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Title: Endothelial injury and repair in childhood arterial ischaemic stroke
Author: Eleftheriou, D.
Awarding Body: University College London (University of London)
Current Institution: University College London (University of London)
Date of Award: 2012
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Abstract:
Abnormalities of the cervical or intracranial circulation, termed arteriopathies are the leading mechanism of both cause and recurrence of childhood arterial ischaemic stroke (AIS). Approximately 20% of children with AIS will have stroke recurrence but there are currently no robust biomarkers to identify this high risk group, and hence identification of patients who may be amenable to secondary preventative strategies has not been possible. This thesis attempts to address this unmet need by studying novel biomarkers to distinguish patients at risk of stroke recurrence. Indices of endothelial injury, repair and hypercoagulability were compared between patients with recurrent clinical disease course and children with a single event. Circulating endothelial cells (CECs) were higher in children with recurrent AIS, compared to those with no recurrence and controls. Further evidence of endothelial injury and cellular activation was derived by examining circulating microparticles (MP) profiles. Plasma from patients with AIS recurrence contained increased numbers of endothelial, platelet and neutrophil derived MP compared to those with no recurrence. These MPs were highly prothrombotic due to phosphatidylserine exposure providing a platform for the assembly and activation of coagulation factors; and also expression of tissue factor on some MP. An efficient in vitro assay to assess MP-related hypercoagulability by quantifying MP-mediated thrombin generation was established. Children with recurrent AIS were shown to have an enhanced MP-mediated thrombin generation. Lastly, a disturbance in endothelial progenitor cells (EPCs) in children with AIS recurrence was observed suggesting that there could be impairment of endothelial repair in these patients. In conclusion, despite the wide spectrum of clinical and radiological presentation of childhood AIS, the studies undertaken in this thesis suggest that there is an unfavourable imbalance between endothelial injury and repair, and excess hypecoagulability in children with recurrent AIS. These novel observations provide unique insights into the pathophysiology of paediatric AIS.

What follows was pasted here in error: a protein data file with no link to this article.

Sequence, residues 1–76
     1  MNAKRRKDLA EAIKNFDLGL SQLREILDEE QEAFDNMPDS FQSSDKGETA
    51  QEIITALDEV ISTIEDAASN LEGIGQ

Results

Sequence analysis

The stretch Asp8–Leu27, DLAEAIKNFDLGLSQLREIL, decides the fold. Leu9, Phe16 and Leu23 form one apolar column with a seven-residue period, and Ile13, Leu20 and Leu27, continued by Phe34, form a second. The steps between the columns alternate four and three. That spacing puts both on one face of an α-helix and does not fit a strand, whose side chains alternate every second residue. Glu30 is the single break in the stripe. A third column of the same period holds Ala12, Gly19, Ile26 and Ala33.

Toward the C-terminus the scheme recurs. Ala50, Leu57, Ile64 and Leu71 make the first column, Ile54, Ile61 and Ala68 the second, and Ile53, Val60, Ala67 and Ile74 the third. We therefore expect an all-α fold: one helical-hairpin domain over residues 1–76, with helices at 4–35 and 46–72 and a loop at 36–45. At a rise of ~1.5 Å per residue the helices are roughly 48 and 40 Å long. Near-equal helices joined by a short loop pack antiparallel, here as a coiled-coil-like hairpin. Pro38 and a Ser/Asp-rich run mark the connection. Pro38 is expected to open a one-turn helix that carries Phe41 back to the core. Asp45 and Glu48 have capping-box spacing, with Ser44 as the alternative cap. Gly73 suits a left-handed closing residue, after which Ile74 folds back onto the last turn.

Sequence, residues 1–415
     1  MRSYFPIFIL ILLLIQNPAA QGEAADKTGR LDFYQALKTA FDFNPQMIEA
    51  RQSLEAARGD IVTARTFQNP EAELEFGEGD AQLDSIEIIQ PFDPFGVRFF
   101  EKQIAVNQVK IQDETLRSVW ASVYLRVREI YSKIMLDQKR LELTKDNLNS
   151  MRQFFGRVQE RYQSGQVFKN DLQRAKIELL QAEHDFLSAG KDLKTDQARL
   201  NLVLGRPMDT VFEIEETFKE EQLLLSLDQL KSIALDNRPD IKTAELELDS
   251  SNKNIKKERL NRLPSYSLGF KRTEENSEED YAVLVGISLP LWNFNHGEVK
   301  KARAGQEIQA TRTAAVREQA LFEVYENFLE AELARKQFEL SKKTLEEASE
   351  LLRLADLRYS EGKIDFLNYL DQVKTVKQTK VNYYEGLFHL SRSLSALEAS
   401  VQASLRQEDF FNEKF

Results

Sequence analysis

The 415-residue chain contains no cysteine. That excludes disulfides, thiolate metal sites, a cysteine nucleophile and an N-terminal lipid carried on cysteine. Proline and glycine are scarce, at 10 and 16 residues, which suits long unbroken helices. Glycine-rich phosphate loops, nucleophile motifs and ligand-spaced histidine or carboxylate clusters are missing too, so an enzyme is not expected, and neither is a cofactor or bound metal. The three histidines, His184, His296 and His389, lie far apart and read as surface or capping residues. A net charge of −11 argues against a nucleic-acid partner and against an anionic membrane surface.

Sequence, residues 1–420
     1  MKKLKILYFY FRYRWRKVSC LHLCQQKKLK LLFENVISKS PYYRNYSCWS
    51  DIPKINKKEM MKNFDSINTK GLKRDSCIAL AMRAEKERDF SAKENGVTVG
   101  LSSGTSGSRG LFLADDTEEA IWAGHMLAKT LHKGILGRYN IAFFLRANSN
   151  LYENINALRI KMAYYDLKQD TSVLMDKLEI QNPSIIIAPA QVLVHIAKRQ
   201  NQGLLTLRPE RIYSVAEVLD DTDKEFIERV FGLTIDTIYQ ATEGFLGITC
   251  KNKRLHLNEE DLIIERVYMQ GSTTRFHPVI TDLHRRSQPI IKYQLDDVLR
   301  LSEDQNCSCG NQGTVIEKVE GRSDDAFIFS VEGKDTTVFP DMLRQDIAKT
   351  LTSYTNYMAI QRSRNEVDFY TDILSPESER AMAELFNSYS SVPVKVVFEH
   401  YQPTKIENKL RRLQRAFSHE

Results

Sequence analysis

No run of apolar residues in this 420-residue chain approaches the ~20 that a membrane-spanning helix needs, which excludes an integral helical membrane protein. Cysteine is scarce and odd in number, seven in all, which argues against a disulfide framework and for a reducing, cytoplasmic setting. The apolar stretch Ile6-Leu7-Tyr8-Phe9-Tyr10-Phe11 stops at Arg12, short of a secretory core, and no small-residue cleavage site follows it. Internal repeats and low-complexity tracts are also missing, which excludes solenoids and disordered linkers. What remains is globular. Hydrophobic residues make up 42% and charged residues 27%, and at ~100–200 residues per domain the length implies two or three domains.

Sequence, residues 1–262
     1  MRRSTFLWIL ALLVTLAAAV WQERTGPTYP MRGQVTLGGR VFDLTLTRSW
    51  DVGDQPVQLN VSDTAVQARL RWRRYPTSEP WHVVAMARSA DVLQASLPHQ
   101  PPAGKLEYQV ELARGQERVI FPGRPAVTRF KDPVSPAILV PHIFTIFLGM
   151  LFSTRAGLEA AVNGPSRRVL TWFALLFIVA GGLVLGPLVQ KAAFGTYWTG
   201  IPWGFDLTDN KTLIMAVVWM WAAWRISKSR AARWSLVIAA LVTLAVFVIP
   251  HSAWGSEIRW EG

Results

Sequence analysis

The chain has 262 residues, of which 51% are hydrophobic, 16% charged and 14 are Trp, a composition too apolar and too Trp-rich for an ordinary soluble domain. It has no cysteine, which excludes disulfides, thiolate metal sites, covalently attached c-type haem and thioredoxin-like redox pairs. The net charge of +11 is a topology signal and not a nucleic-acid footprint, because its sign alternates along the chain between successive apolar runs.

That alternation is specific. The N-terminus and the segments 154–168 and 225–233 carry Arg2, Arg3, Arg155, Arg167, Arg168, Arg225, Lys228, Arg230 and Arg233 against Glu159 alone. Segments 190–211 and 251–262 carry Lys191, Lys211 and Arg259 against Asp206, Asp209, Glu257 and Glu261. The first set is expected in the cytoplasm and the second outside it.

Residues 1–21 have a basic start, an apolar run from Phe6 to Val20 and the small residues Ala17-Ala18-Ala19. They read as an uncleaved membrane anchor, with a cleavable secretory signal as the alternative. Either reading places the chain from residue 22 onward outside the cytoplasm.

Supervisor: Not available Sponsor: Not available
Qualification Name: Thesis (Ph.D.) Qualification Level: Doctoral
EThOS ID: uk.bl.ethos.572566  DOI: Not available
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